In a blog written after last year’s election, Mr Nalliah claimed the Holy Spirit had come to him and said: “Today, I have blessed you with my son (Scott Morrison) as your Prime Minister. He will lead Australia for multiple terms, as PM John Howard did.”
And at a sermon in December 2018, Mr Nalliah told worshippers that Mr Morrison would be re-elected if he continued to talk about Jesus, and resisted those trying to drag him to the “centre middle” of politics. “There’s no such thing as ‘centre middle’. It’s either Jesus or the devil,” he said.
Former senator Cory Bernardi – who quit the Liberal Party under Malcolm Turnbull’s reign and later established the Australian Conservatives – also attributed, in part, the demise of his own party last year to the rise of Mr Morrison.
Among the Australian Conservatives’ base were disaffected Liberals and former Family First members from Mr Bernardi’s home state in South Australia.
Like Rise Up, the Australian Conservatives were deregistered weeks after the election, with Mr Bernardi conceding at the time that many of its potential voters “breathed a sigh of relief that a man of faith and values was leading the Liberals back to their traditional policy platform”.
Mr Morrison is Australia’s first Pentecostal Prime Minister and a proud member of the Horizon mega-church. But while hardline conservative and Christian groups have been re-energised by his election, the issue is potentially sensitive for a party that does not wish to be seen as lurching too far to the right.
This is especially so in Victoria, where Mormons, conservative Catholics and evangelical Christians from churches such as Victory Faith Centre and City Builders had unprecedented sway in the state branch in recent years, only to be defeated by the Andrews government at the November 18 state election.
On Saturday, a spokesman for Mr Morrison said: “The Morrison government governs for all Australians and was democratically elected by Australians to get on with the job of securing Australia’s future in the face of the many challenges our nation faces, both domestic and international.”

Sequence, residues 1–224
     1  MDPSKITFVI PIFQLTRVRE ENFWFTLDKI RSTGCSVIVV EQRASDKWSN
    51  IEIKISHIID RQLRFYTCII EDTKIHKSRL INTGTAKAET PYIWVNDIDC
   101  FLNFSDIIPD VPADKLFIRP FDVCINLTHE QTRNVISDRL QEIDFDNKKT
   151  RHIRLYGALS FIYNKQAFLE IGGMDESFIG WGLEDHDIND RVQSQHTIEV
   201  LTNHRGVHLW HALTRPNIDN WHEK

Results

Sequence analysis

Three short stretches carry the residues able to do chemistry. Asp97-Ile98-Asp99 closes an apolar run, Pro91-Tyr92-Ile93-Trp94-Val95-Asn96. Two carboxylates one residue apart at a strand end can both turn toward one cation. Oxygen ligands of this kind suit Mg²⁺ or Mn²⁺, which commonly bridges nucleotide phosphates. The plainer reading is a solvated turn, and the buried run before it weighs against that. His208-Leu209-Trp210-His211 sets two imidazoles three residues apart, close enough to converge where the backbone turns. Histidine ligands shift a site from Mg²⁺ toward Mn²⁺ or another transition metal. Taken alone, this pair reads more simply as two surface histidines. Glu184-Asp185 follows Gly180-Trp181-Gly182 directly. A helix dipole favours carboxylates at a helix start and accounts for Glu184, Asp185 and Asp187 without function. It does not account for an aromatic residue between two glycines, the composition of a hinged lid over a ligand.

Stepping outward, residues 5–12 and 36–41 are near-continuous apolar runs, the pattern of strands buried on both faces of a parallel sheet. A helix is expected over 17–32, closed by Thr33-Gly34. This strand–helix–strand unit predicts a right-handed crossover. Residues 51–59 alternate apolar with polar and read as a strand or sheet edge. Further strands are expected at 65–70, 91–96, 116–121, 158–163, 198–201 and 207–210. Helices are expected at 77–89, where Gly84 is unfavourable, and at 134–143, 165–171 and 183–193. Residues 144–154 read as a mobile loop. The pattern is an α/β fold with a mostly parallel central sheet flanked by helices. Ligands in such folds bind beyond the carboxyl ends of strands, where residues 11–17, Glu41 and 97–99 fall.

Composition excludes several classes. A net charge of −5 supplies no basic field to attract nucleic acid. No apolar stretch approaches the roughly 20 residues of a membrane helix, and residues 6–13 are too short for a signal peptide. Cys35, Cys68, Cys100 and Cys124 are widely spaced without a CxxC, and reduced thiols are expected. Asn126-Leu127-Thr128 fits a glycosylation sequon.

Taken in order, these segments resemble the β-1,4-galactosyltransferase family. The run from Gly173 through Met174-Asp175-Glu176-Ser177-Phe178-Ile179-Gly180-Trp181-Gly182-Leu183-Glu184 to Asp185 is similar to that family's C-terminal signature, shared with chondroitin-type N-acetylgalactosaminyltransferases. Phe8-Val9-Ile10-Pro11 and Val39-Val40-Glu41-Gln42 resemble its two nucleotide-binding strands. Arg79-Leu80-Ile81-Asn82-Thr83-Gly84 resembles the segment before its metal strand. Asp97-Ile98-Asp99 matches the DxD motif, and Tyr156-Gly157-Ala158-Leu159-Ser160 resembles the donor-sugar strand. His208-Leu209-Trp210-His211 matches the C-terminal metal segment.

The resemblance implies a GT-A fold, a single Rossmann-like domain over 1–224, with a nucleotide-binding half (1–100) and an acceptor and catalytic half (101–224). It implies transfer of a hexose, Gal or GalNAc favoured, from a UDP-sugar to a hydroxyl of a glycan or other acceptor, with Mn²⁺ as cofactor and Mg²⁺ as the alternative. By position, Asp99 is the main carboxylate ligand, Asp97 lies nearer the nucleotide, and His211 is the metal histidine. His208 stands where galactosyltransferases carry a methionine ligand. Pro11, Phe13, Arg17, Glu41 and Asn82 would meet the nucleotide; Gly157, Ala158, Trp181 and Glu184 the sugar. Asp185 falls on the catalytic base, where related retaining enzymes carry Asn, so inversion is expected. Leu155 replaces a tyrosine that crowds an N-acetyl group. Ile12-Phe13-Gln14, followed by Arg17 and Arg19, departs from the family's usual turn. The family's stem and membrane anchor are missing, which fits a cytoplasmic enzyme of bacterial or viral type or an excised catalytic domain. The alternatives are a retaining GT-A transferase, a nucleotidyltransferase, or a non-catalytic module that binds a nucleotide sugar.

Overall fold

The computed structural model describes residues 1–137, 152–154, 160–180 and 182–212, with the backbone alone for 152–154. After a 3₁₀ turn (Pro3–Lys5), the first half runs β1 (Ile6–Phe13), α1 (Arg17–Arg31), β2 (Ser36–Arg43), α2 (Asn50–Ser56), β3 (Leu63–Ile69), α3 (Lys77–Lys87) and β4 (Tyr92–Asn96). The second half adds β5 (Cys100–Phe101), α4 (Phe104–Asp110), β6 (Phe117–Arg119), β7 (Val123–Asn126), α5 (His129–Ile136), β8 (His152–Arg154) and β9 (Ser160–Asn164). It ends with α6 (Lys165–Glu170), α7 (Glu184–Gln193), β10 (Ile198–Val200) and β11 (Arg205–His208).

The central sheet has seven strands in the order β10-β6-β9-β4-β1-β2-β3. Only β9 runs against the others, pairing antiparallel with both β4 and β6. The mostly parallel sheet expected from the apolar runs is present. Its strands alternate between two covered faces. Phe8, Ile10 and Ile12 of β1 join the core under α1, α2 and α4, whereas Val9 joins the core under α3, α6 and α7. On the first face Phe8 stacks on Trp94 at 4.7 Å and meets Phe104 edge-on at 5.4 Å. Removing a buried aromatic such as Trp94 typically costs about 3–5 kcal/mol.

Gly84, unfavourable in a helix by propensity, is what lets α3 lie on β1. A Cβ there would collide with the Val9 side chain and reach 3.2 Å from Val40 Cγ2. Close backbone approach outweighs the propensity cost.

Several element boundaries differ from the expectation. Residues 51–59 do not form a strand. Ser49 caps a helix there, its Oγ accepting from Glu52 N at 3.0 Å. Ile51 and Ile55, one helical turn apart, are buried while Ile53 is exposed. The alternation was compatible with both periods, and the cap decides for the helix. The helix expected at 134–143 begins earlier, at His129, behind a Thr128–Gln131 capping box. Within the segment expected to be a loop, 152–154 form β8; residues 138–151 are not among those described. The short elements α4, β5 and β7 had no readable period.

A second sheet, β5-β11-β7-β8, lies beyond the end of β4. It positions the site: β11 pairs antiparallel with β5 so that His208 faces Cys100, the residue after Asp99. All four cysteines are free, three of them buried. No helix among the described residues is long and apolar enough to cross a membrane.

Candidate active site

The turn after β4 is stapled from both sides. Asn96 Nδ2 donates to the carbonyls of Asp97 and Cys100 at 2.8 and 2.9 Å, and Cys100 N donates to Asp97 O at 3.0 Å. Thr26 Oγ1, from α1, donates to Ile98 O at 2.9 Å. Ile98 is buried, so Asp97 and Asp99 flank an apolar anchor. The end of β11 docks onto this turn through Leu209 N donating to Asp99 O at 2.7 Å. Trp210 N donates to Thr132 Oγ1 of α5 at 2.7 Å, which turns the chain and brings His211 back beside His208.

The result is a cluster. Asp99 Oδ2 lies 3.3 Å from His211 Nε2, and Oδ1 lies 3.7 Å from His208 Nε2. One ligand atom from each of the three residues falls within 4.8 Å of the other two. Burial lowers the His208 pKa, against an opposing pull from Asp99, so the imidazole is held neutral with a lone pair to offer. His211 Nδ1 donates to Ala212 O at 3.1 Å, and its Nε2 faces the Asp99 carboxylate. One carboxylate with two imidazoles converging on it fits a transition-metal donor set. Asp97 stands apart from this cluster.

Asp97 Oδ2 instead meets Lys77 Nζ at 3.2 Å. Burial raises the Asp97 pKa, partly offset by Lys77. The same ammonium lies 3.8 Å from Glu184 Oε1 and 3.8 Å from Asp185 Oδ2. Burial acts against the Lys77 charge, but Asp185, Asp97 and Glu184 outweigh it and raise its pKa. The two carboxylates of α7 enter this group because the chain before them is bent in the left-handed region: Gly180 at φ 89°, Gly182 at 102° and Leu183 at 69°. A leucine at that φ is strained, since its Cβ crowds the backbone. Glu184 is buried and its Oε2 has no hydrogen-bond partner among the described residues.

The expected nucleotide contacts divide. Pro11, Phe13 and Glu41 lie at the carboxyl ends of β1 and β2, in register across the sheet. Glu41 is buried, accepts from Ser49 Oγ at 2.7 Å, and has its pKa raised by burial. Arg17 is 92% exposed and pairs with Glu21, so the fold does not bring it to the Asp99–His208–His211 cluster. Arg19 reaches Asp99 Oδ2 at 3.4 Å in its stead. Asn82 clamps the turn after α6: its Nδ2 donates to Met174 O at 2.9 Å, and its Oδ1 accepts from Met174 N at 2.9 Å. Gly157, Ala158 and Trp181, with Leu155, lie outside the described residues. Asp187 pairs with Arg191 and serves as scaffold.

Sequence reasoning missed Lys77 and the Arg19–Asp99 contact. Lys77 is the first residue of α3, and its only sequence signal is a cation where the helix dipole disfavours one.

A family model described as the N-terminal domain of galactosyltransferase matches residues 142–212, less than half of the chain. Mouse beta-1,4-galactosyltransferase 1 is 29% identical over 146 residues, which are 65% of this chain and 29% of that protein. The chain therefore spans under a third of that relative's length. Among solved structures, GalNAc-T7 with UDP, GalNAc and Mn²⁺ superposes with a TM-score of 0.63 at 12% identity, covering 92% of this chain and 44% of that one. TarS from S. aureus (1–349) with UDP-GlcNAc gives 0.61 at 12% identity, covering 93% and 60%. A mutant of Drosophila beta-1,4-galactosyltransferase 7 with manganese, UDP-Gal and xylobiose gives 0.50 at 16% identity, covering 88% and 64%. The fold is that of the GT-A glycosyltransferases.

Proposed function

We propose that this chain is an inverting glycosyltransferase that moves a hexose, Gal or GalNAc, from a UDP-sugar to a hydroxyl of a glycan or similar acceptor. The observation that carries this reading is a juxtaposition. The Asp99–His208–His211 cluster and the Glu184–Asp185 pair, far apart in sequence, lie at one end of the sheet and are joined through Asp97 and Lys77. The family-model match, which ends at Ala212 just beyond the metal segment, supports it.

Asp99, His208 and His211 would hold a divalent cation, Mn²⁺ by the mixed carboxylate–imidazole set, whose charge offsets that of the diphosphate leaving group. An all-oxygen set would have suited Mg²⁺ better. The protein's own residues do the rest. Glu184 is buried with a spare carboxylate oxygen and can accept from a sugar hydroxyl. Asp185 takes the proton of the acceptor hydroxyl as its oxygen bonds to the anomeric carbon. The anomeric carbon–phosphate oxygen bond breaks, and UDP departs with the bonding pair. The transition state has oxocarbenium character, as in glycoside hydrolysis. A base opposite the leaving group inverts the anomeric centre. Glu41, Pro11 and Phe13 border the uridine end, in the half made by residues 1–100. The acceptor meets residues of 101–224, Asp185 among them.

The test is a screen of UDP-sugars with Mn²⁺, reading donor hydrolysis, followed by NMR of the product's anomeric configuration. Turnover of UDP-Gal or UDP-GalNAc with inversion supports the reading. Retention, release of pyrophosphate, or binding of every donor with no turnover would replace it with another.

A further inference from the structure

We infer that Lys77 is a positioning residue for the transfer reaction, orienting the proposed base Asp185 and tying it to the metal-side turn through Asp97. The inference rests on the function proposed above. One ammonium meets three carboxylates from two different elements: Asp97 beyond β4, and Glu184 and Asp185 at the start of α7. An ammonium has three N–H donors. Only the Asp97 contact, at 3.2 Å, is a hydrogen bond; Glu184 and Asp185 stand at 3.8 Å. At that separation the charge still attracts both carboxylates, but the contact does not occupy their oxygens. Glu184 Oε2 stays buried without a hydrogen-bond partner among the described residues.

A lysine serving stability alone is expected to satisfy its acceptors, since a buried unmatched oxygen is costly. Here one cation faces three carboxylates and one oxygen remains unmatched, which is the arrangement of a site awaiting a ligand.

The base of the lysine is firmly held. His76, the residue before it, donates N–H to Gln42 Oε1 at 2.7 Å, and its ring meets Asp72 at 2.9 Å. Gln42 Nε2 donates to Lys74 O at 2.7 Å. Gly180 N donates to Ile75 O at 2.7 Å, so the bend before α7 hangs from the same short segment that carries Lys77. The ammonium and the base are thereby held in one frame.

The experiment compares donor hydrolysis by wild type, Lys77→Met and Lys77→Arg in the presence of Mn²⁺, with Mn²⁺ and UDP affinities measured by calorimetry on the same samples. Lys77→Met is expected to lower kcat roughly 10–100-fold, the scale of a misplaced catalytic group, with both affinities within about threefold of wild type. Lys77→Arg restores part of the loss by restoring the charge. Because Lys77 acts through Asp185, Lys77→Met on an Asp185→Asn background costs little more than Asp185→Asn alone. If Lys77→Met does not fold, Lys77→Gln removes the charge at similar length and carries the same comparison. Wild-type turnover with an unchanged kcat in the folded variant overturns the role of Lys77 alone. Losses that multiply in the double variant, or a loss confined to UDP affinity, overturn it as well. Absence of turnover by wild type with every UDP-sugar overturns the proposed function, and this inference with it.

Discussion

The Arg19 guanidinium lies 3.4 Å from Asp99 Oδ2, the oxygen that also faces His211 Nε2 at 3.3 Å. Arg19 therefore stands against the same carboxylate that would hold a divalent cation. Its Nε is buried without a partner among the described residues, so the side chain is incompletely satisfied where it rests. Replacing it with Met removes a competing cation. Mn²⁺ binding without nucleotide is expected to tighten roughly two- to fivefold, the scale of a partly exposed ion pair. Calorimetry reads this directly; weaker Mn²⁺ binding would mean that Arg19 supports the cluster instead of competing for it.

Established as a party in 2011, Rise Up’s policy platform included plans to limit Muslim immigration, curb multiculturalism and repeal Victoria’s abortion laws.
The Sri-Lankan born Mr Nalliah, who runs the Reformation Fire Harvest Ministries church, said that he had not sought to join the Liberals but would “definitely” vote for the party. He said Rise Up would continue as an advocacy group and would press the Liberal Party to the right on issues of multiculturalism, freedom of speech, abortion law and, possibly, on gay marriage.
But he conceded Senate voting reforms, including the abolition of group voting tickets, had also contributed to his party’s demise, making it harder for micro-parties to get elected by swapping preferences.
University of Queensland political scientist Dr Glenn Kefford, who specialises in a study of the radical right, said that, in addition to the Senate reforms, the ongoing success of the more high- profile One Nation had denied fringe parties of votes.
He added that Mr Morrison’s replacement of Malcolm Turnbull had been a “real boost” for conservative Christian voters and had benefited the Liberal Party in key electorates including Queensland.
Royce Millar is an investigative journalist at The Age with a special interest in public policy and government decision-making.
Farrah Tomazin is a senior journalist and investigative reporter for The Age, with interests in politics, social justice, and legal affairs.